For almost 60 years, the Grammys has been one of the most anticipated award shows, holding the legacy of honoring superior and outstanding musicians in each music genre. Ever since the Grammy’s debut in May 1959, the well-renowned show has a record in America for acknowledging top-chart artists who have highly influenced the music industry and culture. However, it has been mentioned by yearly viewers that many of the 2014 award shows have been a disappointment.
Expressing a tirade of anger during the start of the 57th show, Trey Songz tweeted saying, “the Grammys shortchange culture for popularity every year. My fans give me the real reward, LOVE. So every time they give me nothing, I think of you. I love you.” While his argument could be from a standpoint of not being recognized, Songz did have three number one chart singles versus the other nominated artists like Schoolboy Q and Childish Gambino, who have each had only one leading single for the year.
As an annual viewer, I have noticed this particular show gave much spotlight to rookie artist Sam Smith, who was nominated for a total of six Grammys along with veterans Pharrell and Beyoncé. Smith brought home four awards this year, including Record of the Year, Best New Artist, Song of the Year and Best Pop Vocal Album. Not to deny the vocal talents of the British R&B singer, but Best Pop Vocal Album was an award to question. He was placed in a category with Miley Cirus, Katy Perry, Cold Play and Ed Sheeran, whose albums all consisted of far more eclectic instruments and tunes.
Ed Sheeran, another R&B singer from the UK, was given much shine at this year’s Grammy Awards for his single “Sing” off his X album. According to the National Market Diary, NPD, music reports, country and rock are the two most popular genres of music in America. Watching the awards felt as if it gave off a perspective that America is centered on classical music rather than urban music, which, in actuality, is more popular and has been on the top of the charts all year round.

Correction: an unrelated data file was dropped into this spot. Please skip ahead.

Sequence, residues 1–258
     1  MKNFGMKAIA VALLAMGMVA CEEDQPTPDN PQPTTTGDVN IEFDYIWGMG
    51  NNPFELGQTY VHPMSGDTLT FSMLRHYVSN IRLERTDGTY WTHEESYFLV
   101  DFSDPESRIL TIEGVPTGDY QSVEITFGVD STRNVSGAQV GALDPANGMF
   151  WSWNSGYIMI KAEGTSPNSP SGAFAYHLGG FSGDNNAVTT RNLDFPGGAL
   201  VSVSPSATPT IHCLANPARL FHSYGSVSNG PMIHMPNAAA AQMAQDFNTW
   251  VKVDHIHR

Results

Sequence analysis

The idea for the Grammy Awards was originally from the monthly Gramophone Magazine, which was London publication including music reviews and spotlights. Since 1923, the magazine has been distributed monthly and supports mostly classical music. Now compare Trey Song’s 2014 album Trigga to Sam Smith’s In The Lonely Hour and Ed Sheeran’s X album. Trigga is not a representation of what one would define as classical music, which is defined as being highly influenced by Western traditions. It was also a debatable choice for the American Music Awards when Iggy Azalea took home the trophy for favorite hip-hop album. Her music has more of a funky, pop edge to it. This makes me question whether the American industry wants its most notarized tunes to reflect music as universally acceptable versus what is actually popular among the culture.
“If they want real artists to keep coming back, they need to stop playing with us,” rapper Kanye West said in an interview following the show. “Beck needs to respect artistry, and he should have given his award to Beyoncé.”
Kanye is widely known for his cockiness, but his statement regarding Beck’s Album of the Year win over Beyoncé was the most talked about on social media and news headlines. According to Billboard charts, Beck did not make the top 10 for Adult Alternative Song Artist and only made number 13 on the Adult Alternative Song Charts. On the other hand, Pharrell and Sam Smith, who were also in the category, were top 10 on the 2014 Adult Pop Charts. I guess this supports the idea of Sam Smith being put on a pedestal, but the ideology of the Grammys does not lucratively define the uniqueness of the music culture.